- LULU / PANDORA'S BOX
- DAPHNIS AND CHLOE
- FEDRA
- THE FUGITIVE KIND
- THE TESTAMENT OF ORPHEUS
- PHAEDRA
- HERCULES CONQUERS ATLANTIS
- YOUNG APHRODITES
- CONTEMPT
- PROMETHEUS FROM THE VISEVICE ISLAND
- SANDRA OF A THOUSAND DELIGHTS
- THE GOLDEN THING
- THE TRAVELLING PLAYERS
- EURIDICE BA 2037
- IPHIGENIA
- A DREAM OF PASSION
- CLASH OF THE TITANS
- THE YEARS OF THE BIG HEAT
- ENIOCHUS - THE CHARIOTEER
- ANTIGONE
- EDIPO ALCADE
- THAT'S LIFE
- BLADE RUNNER
- VERTIGO
- MOURNING BECOMES ELECTRA
- ORPHEUS
- PANDORA AND THE FLYING DUTCHMAN
- ULYSSES
- HERACLES AND THE QUEEN OF LYDIA
- BLACK ORPHEUS
- ANTIGONE
- ELECTRA
- JASON AND THE ARGONAUTS
- GORGON
- OEDIPUS REX
- ILLIAC PASSION
- THE CANNIBALS
- EDEA
- NOTES FOR AN AFRICAN ORESTEIA
- FOR ELECTRA
- PROMETHEUS IN THE SECOND PERSON
- VOYAGE TO CYTHERA
- ULYSSES' GAZE
- MATRIX
- O BROTHER, WHERE ART THOU?

FEDRA
Spain, 1956


Directed by: Manuel Mur Oti. Screenplay: Antonio Vic, Manuel Mur Oti from Seneca's Phaedra. Director of Photography: Manuel Berenger. Set Design: Gil Parrando, L. Perez Espinoza. Original music: Maestro Cases. Film editing: Antonio Gimeno. Cast: Emma Penella (Estrella), Enrique Diosdado (Don Juan), Vincente Parra (Fernando), Porfiria Sanchiz, Manuel de Juan, Rafael Calvo, Raul Cancio, Alfonso Rojas. Produced by Cesareo Gonzalez for Suevia Films. 98 min. Black and white.

In a fishermen's village somewhere in the Mediterranean Spain, a blind old man lives with his daughter Estrella on top of a rock, near the ruins of an ancient Greek temple. Estrella, a wild young woman, is lusted after by every man and therefore hated by the female community and especially Rosa, the owner of the only grocery store in the village. One day, Don Juan, a widowed captain, arrives with his fleet. Estrella swims to his ship, arousing everyone's sexual desire. Don Juan, charmed by Estrella, confesses his love to her, only to be rejected in a violent way. However, she visits his house and is fascinated by Don Juan's wealth. She later meets young Fernando, a wild-horse tamer, and overtly flirts with him, not knowing he is Don Juan's son. Fernando does not yield to her beauty and Estrella marries his father, without giving up her efforts to seduce the son. Her behaviour causes a stir in the village, especially after the night when Estrella is seen outside their house, running hysterically after Fernando in her night-gown. The young man asks his father's permission to leave. Estrella meets him in the barn and begs him to take her with him. Fernando whips her. Estrella speaks ill of him to Don Juan, who then sets out on a dangerous mission in the rough sea, taking his son aboard with him. Fernando is swept overboard by a huge wave before ever getting the chance to tell his father the truth. Estrella, chased by the enraged village women, reaches the edge of a cliff and falls into the sea. The following day, Don Juan finds his son's body near the shore. However, he does not manage to collect it as Estrella, having survived the fall, swims up to Fernando, puts her arms around him and they both disappear in the depths of the sea.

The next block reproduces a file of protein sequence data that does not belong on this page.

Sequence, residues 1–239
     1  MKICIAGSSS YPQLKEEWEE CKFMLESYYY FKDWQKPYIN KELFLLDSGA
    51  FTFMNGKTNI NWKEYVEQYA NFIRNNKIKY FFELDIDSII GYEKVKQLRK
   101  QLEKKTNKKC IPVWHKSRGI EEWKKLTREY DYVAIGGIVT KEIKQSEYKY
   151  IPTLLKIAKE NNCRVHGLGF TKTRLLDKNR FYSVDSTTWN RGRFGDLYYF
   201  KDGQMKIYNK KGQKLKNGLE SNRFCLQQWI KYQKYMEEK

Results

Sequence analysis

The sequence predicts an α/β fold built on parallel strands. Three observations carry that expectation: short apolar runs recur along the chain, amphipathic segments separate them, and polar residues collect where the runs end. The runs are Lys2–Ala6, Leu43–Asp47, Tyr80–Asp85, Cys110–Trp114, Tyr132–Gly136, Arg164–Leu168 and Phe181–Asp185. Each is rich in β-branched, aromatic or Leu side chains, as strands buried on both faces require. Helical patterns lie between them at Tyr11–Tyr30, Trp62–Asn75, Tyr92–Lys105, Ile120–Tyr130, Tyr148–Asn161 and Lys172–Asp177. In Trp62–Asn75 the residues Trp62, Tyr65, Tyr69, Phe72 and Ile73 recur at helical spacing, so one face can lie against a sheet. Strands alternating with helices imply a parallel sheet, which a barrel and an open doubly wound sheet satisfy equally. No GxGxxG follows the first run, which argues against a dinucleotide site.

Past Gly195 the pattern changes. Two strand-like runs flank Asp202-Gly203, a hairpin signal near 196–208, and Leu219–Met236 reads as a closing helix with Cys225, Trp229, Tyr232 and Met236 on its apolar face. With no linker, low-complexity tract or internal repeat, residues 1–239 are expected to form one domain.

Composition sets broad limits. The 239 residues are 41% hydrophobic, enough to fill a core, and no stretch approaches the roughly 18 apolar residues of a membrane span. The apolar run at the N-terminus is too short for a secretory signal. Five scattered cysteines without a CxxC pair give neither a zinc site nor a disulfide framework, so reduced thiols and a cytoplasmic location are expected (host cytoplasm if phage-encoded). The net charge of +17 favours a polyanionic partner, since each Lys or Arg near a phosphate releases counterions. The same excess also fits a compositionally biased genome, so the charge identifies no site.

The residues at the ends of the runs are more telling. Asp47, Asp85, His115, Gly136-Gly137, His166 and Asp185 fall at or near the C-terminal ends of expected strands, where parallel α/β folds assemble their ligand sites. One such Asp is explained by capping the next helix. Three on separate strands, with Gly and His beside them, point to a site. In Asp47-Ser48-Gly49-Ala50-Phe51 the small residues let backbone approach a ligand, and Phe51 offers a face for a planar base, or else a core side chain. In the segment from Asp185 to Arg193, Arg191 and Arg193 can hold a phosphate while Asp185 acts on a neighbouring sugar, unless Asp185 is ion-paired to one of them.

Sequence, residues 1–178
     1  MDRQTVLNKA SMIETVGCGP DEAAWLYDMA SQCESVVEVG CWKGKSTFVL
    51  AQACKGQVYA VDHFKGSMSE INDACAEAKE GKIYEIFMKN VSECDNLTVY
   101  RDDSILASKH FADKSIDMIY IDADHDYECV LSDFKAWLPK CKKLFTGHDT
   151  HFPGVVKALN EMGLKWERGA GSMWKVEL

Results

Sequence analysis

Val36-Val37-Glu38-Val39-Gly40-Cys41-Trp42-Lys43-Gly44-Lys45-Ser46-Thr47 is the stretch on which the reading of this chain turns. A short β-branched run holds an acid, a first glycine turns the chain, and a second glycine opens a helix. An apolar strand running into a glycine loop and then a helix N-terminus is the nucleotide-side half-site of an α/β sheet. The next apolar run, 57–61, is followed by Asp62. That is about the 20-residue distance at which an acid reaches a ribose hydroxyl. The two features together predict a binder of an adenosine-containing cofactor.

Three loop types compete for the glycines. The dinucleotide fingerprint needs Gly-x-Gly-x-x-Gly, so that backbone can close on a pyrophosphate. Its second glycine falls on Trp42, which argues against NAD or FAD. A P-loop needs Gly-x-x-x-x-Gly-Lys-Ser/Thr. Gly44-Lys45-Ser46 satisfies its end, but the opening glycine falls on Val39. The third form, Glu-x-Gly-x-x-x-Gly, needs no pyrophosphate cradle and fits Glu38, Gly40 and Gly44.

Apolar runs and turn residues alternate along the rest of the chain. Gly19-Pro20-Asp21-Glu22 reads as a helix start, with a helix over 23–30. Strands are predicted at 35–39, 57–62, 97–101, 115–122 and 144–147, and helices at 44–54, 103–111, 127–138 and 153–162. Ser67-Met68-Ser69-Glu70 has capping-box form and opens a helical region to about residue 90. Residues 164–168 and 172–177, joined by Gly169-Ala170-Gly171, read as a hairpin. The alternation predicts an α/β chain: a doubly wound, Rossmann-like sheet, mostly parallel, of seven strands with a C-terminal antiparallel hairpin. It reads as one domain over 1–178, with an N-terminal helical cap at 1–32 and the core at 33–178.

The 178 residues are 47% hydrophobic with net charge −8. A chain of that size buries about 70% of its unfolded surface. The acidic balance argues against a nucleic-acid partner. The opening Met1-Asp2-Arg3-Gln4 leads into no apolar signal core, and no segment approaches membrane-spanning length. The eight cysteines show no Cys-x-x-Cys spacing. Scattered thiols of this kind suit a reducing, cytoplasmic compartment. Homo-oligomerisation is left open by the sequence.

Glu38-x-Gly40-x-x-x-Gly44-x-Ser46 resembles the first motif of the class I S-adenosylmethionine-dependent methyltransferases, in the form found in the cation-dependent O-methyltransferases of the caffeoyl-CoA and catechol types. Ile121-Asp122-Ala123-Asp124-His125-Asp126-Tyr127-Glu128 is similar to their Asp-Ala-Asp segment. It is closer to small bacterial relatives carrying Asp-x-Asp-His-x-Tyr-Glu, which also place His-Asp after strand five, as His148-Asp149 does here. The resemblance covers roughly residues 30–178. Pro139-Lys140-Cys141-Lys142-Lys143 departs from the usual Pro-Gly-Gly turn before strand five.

Moralising Undertones
by Babis Aktsoglou

Estrella-Fedra is the Spanish cousin of Susana, Bunuel's heroine who, according to the Mexican title of the film, had the demon in her (Susana, demonio y carne). They both represent the wild, animal dimension of eroticism, which terrifies the rationalistic and moralising tendencies of a puritan, male-dominated society; they both go to extremes in the erotic games they play with both father and son; they both get mercilessly whipped and they both meet a tragic end. What is more, the two heroines have something else in common, as far as direction is concerned: they are both parts of a film world governed by strict rules of censorship, where sexuality can only be implied. Oddly, this gives an intense sensual quality to both films. Bu_uel and Manuel Mur Oti inevitably resort to investing with sexual significance those parts of a woman's body that are allowed to be shown naked on screen, transforming them into festishes: legs, bust, shoulders, back, as well as the face itself are used as mediums for expressing a wild eroticism. There is not a more sensual scene than the one where Estrella, swimming like a siren in the sea, goes aboard Don Juan's ship, her soaked clothes cleaving to her body, or yet the scene of the night walk with Fernando on the beach, Estrella's body dripping with sweat. As for the whipping scene, this should be anthologised in any history of sadism on screen. After all, the interrelation of sex and violence is evident throughout the film, also illustrated in the scene where Estrella slaps Don Juan in the face in reaction to a simple I love you'. Manuel Mur Oti uses the ruins of an ancient Greek temple as the symbolic setting for his drama, in a rather far-fetched attempt to connect his story to the ancient myth of Phaedra and Hippolytus. Other than the folkloric figures of the village women, dressed in black alluding to the ancient dramatic choros, and Fernando/Hippolytus's love of horses, Manuel Mur Oti's Fedra has little in common with Seneca or ancient mythology. The film is a melodrama, featuring the exaggeration and rhetoric of this genre, as well as its moralising undertones, which, in a rather artificial way, turn the (melo)drama into a tragedy. However, the film has a certain charm, with some impressive scenes, like the one where Estrella, dressed in white, walks through the group of enraged village women dressed in black a scene much more powerful than the one in Dassin's Phaedra, although we cannot really say if Dassin was aware of Manuel Mur Oti's film [which was released in Greece under its original title, whereas the French added the explanatory subtitle: A real prostitute (Une vraie garce!)]